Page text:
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THR I Hired Japanese Carpenters

mgwdgo

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Greetings, fellow hippos.

I will share a few highlights I have experienced so far:

I was awake, lucid, and conversational during most of my surgery. At one point my leg was in a weird position, and I wanted them to remove the drapings so I could see what they were doing. They politely refused. I remember having conversations with the surgery nurse, and she calmly kept me posted about my progress.

I went into my surgery in pretty good shape. I had started two months before surgery lifting weights, doing core work, and walking hard, averaging 10,000 steps a day. Therefore, I was in a good position to be able to use my upper body to maneuver my lower body around with little difficulty. My stamina was pretty high, and 20 years of martial arts training have given me powerful physical awareness, balance, and the idea of mind/body integration.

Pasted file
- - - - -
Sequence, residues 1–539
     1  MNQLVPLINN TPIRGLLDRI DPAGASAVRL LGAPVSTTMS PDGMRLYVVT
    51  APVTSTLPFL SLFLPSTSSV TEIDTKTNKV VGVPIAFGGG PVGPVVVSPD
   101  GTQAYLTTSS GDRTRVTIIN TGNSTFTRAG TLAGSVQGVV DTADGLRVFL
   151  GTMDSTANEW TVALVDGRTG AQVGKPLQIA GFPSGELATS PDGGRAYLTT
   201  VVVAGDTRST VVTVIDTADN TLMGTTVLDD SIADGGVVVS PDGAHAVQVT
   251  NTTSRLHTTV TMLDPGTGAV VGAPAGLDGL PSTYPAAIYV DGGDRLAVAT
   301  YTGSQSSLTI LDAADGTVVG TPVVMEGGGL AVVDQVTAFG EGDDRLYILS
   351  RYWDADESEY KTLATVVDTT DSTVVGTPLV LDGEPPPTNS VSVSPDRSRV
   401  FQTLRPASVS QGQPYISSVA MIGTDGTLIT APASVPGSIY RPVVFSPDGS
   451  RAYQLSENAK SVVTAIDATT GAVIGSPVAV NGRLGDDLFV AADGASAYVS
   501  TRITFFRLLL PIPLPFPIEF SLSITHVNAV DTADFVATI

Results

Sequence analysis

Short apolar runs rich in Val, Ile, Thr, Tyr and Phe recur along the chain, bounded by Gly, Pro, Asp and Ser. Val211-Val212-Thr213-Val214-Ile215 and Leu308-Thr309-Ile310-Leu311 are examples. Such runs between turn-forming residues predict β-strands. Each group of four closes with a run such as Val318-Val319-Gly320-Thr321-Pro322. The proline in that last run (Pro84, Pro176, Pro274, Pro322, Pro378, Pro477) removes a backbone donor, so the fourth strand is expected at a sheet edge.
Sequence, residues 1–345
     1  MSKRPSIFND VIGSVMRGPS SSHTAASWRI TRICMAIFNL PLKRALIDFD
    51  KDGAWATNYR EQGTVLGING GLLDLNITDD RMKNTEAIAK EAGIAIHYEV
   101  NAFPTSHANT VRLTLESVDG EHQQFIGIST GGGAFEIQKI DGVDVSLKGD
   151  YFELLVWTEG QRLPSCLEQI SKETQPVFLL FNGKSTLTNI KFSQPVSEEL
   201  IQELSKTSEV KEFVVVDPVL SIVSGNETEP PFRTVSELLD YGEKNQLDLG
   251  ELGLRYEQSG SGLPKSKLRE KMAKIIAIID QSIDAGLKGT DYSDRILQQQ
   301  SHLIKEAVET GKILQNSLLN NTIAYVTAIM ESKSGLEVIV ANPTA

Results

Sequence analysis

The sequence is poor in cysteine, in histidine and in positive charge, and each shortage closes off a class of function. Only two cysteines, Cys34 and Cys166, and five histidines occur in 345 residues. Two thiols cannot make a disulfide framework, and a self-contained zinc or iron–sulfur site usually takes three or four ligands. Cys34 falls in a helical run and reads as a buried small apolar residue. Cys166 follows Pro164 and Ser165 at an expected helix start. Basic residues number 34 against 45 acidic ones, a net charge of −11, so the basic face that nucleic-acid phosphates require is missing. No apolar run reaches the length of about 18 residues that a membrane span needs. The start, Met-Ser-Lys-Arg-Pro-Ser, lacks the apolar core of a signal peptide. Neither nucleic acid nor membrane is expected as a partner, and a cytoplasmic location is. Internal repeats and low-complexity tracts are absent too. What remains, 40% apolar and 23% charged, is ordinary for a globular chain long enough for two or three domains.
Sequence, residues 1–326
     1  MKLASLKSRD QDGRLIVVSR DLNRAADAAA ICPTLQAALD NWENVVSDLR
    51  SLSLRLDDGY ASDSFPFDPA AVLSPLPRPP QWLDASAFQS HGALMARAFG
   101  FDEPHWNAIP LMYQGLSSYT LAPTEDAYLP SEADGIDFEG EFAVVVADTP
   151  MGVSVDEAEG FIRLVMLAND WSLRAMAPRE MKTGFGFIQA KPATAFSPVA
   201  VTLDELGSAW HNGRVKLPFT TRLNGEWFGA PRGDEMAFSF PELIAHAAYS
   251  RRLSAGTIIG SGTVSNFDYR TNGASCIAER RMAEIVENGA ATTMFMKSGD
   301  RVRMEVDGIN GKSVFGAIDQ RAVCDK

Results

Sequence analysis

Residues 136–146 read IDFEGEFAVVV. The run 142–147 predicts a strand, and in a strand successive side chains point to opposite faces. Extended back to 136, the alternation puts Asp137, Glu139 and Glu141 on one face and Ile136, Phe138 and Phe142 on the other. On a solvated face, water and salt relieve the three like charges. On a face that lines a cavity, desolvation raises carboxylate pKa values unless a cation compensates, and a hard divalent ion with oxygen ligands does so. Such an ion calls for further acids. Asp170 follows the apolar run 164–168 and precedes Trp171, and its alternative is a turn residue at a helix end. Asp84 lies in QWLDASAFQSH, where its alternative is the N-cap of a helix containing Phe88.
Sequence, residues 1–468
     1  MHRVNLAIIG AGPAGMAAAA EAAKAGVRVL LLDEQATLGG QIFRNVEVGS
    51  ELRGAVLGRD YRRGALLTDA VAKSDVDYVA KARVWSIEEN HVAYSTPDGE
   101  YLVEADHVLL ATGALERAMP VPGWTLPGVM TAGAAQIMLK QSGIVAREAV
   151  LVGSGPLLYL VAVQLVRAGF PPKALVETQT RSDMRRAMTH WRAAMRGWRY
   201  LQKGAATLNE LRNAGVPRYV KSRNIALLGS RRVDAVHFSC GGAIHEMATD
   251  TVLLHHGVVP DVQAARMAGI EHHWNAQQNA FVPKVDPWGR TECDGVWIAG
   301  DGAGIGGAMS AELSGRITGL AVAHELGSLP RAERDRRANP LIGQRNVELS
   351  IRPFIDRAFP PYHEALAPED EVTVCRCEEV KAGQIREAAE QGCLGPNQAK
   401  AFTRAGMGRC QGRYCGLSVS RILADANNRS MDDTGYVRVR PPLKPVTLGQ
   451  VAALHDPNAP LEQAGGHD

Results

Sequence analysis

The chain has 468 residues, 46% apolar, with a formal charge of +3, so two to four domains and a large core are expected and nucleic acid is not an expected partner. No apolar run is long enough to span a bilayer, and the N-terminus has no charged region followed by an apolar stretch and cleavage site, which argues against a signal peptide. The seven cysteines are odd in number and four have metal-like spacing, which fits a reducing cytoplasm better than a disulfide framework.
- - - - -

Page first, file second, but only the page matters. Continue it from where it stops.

My best friends post-surgery were my wife, who has taken great care of me, CBD ointment, arnica (both topical and systemic), lots of ice thanks to my Ossur Cold Rush machine, and visualization. I hired thousands of skilled Japanese carpenters, microscopic and yet incredibly powerful, to begin the repair work on my surgery site. I imagine them pounding cement into the joint between the bone and the cup, and skillfully and artistically crafting a brand-new hip. They use tiny saws and chisels to create from scratch a new joint, an exquisite temple of worship, a pagoda of unparalleled beauty. I greet them each morning, “Ohayō gozaimasu, Senseis! Domo Arigato!” I check on the work and it is progressing quickly and well.